Walking Tour of Quito, Ecuador
Quito, Ecuador, is the second highest capital city in the world at 9,200 feet (almost 3100 meters). Its historic Old City, which dates to 1534, is a UNESCO World Heritage Site and contains excellent examples of fine colonial architecture amid its steep, cobblestone streets.
Several of the buildings which are noteworthy include the Iglesia de la Compania, the most beautiful church in the city, with its gold-plated High Altar, the Basilica del Voto Nacional, a neo-Gothic church whose gargoyles are animals from the jungles around the city, and the Iglesia de San Francisco with its gilded and painted wood.
My walk begins on the Plaza de la Independencia (also known as Plaza Grande). My suggestion is to begin your exploration of Quito with a taxi ride to El Panecillo, a hill to the south with incredible views of the city and its environs. Atop the rounded hill is the Virgin Monument (La Virgin de Quito), a statue of Mary, mother of Jesus, who is the city’s protectress. The statue itself is a large reproduction of one that is housed in the Saint Francis Church (see below). Note: there are also stairs to El Panecillo, but it is much safer to go by taxi.
When you return to the plaza, it’s time to investigate the area. On the west side of the square is the Government Palace, a beautiful building of Spanish-Moorish design. To the south is the Cathedral, which contains the tomb of Ecuador’s liberator, Antonio Jose de Sucre. Notice, in particular, the sculpture behind the choirs and the detailed work in the Chapel of St Ann. Next to the Cathedral is another splendid church, Iglesia Parroquial del Segrario.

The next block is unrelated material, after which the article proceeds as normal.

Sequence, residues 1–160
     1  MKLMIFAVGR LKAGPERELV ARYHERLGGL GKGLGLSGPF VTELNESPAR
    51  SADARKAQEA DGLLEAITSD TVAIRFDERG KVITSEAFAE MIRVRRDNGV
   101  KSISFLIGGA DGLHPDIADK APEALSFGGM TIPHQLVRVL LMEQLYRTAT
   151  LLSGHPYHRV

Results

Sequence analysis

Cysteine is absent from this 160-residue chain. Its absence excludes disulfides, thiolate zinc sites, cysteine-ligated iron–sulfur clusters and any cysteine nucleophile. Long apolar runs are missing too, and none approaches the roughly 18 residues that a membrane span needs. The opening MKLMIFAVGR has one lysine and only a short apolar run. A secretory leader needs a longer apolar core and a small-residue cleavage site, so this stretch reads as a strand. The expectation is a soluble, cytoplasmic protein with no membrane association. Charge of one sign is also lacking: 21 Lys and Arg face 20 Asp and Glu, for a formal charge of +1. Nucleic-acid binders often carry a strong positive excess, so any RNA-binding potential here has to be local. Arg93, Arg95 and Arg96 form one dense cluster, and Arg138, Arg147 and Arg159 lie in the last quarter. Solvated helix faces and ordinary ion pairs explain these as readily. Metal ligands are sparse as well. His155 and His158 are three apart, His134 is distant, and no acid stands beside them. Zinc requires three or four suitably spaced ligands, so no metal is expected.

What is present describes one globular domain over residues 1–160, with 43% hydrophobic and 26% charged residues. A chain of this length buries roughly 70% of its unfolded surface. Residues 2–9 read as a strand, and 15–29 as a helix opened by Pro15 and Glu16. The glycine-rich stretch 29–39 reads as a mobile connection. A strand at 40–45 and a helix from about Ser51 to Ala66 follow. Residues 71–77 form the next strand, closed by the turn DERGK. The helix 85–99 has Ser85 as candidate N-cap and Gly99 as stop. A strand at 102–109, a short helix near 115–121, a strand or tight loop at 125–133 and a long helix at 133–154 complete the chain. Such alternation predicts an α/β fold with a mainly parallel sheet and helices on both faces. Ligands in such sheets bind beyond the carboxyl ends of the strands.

On the eastern side of the square is the fairly non-descript City Hall, and to the north is the former Archbishop’s Palace, which, today, houses a crafts market.
Now, leave the plaza by walking northeast on Calle Venezuela, for about ½ mile, to visit La Basilica del Voto Nacional, an unfinished church, designed to resemble Notre Dame Cathedral in Paris. Climb the towers (or take the elevator) for wonderful views of the Old City. Also note the unusual gargoyles, depicting local fauna.
Next, retrace your steps on Venezuela and turn left on Calle Manabi to check out the National Theater, recently restored. From the theater, walk south on Calle Flores to the Iglesia de Santo Domingo, at the corner of Calle V Rocafuerte.
After your visit, backtrack to Calle Simon Bolivar and turn left. A few blocks ahead is Iglesia de San Francisco, thought to be the first church built in the Americas (1536 AD). The gilded interior is a must-see, as is the original sculpture, Virgin of the Apocalypse of the Immaculate Conception, duplicated on El Panecillo.
Now, head north (left) on Calle Cuenca to find another fantastic church, Iglesia de la Merced. Nearby is the Museum of Colonial Art.
Next, walk east on Calle Mejia and then turn right on Calle Sebastian Benalcazar, and then left on Calle Sucre. Ahead, on your left, is the most stunning of Quito’s many churches, La Compania de Jesus, a masterpiece of Baroque splendor. Notice the intricate plasterwork and the enormous amount of gold in the interior.
Further east, on the right, is La Casa de Sucre, former residence of the city’s liberator. It has been restored to its 19th century appearance.
Now walk north (left) on Calle Venezuela to return to Plaza Grande, where your walk began.